When we feel unhappy or upset with someone, we often feel reluctant to express our feelings to them for various reasons, even though we would feel better if we did. Maybe we don’t want conflict or to hurt their feelings. Or they might have the power to retaliate and make it work to our detriment. It always seems like a win/lose dynamic. That’s because we tend to express our feelings in a condemnatory way, telling them what they have done wrong. However, we do not always know for sure all the details on both sides. So it usually works better not to make any judgements until we have more information. This is done by solely expressing how you feel without assigning blame. The intent should be to open up conversation and learn more information from their side of the story. So instead of saying things like “You hurt my feelings!” or “You insulted me!”, we can say “When you did (such-and-such), I felt hurt.” or "When you said (such-and-such), I felt insulted. But that's just me. I would like to hear your side of this."

In fact, it’s impossible for anyone to make you feel hurt or insulted. If the exact same thing was done to Jesus or Buddha or Mother Teresa, their response would be totally different, maybe in the following manner: They might first think: "Lord, forgive them, for they know not what they do." Then they would probably ask the person to elaborate on what they were feeling, to get more to the root of their dis-ease. It would probably be because that person feels threatened, insecure or jealous. These self-defeating feelings are not part of their Real Self, and is an indication of unresolved psychological issues like the outer consciousness cutting off communication with, and the feelings of, their soul or inner child. This process of asking them for more information is called active listening. A good book on the subject is called P.E.T.: Parent Effectiveness Training by Dr. Thomas Gordon.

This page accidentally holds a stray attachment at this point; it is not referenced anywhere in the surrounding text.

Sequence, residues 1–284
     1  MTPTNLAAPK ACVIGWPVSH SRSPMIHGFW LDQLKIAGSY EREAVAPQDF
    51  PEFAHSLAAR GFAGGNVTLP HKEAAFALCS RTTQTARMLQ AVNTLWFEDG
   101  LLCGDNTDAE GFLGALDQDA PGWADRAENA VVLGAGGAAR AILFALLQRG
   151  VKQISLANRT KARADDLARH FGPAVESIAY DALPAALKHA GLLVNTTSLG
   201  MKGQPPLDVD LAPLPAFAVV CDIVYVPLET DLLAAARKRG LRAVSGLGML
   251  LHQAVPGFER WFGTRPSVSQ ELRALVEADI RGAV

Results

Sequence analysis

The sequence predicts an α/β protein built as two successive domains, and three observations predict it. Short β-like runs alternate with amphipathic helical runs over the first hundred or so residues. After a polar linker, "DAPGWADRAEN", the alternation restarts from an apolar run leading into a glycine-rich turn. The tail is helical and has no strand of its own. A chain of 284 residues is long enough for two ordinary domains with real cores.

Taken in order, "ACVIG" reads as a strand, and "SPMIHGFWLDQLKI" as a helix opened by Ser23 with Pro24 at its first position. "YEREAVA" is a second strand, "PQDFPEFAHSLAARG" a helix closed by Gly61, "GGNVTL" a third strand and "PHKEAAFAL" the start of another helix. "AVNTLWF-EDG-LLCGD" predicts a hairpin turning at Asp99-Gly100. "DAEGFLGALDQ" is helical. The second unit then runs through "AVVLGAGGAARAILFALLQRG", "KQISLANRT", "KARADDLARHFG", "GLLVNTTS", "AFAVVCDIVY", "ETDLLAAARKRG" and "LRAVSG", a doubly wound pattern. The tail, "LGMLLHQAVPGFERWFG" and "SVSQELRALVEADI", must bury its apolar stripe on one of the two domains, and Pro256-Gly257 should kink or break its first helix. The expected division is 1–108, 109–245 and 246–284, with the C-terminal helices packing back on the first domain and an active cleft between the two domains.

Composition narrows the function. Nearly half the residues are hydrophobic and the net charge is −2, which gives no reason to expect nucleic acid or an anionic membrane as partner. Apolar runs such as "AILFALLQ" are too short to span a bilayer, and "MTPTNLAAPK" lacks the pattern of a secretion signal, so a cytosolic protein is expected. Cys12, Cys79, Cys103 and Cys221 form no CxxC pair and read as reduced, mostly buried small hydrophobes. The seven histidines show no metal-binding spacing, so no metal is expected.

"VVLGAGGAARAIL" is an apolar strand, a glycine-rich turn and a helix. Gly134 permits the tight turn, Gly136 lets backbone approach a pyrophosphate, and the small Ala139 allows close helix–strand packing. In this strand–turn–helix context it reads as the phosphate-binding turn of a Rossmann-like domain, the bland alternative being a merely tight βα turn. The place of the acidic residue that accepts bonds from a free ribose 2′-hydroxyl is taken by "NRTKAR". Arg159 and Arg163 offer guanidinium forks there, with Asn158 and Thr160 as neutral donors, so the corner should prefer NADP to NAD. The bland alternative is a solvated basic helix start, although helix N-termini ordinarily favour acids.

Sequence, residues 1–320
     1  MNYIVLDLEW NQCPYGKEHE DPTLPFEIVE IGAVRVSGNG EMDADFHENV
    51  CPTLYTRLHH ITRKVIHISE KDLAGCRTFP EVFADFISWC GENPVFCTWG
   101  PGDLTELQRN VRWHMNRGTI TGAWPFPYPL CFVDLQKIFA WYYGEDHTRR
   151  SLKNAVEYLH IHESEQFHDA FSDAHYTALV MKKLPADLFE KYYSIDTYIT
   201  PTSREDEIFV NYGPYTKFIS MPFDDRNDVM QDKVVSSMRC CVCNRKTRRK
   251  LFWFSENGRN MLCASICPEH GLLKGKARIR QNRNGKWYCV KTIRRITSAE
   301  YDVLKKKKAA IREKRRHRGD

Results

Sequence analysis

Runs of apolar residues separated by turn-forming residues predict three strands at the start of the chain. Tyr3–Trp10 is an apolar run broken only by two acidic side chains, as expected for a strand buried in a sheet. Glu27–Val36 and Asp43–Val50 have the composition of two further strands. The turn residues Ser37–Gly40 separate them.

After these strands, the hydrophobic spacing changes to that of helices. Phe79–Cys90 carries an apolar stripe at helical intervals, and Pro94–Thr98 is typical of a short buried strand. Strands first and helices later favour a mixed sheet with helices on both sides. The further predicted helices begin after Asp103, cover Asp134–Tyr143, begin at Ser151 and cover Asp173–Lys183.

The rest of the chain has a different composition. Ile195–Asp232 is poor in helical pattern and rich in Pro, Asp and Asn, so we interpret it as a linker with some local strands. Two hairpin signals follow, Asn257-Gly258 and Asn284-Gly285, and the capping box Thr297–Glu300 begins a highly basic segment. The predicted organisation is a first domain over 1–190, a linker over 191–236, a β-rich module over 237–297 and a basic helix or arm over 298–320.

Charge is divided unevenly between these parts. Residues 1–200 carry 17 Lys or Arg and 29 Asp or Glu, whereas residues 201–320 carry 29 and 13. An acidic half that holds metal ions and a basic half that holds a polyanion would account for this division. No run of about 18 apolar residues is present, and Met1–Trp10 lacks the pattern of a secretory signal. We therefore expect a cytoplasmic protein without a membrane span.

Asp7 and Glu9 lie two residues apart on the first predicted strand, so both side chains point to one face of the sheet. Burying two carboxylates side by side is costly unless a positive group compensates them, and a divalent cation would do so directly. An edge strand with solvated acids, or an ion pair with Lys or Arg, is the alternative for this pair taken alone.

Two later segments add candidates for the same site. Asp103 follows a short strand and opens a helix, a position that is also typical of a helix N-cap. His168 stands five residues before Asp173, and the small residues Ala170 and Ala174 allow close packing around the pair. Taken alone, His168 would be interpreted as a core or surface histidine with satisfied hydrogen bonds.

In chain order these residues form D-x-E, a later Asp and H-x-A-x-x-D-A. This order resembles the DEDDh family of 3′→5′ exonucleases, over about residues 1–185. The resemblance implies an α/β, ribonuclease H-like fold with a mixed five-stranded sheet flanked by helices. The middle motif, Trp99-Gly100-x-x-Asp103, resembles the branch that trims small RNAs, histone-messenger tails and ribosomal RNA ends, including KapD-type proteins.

Now let’s say that it is us and not Jesus experiencing someone's condemnation. It would then be possible that we did something wrong or unkind to initiate the condemnation. If so, and we are aware of it, then it is a test of humility to admit it. But that does not mean that we are obligated to tolerate someone else’s verbal abuse if that is what their condemnation was. But let’s say their condemnation is unjustified. We can use active listening to help the situation. For example: "John, that (behaviour) is not like you. What's up?"; In that way we are not condemning them, and we are also not suppressing our feelings or avoiding conflict. Suppressing negative ones (dis-ease) eventually cycles down to manifest in physical disease. Suppressing positive emotions just deprives all those involved of a much richer and more rewarding life, and the health benefits that accompany joy and humour.

Author's Bio: 

Craig Nicholson is a writer, inspirational speaker, professional pilot, and founder of Balance for Wholesome Living and The One-Stop Survival Preparedness Guide.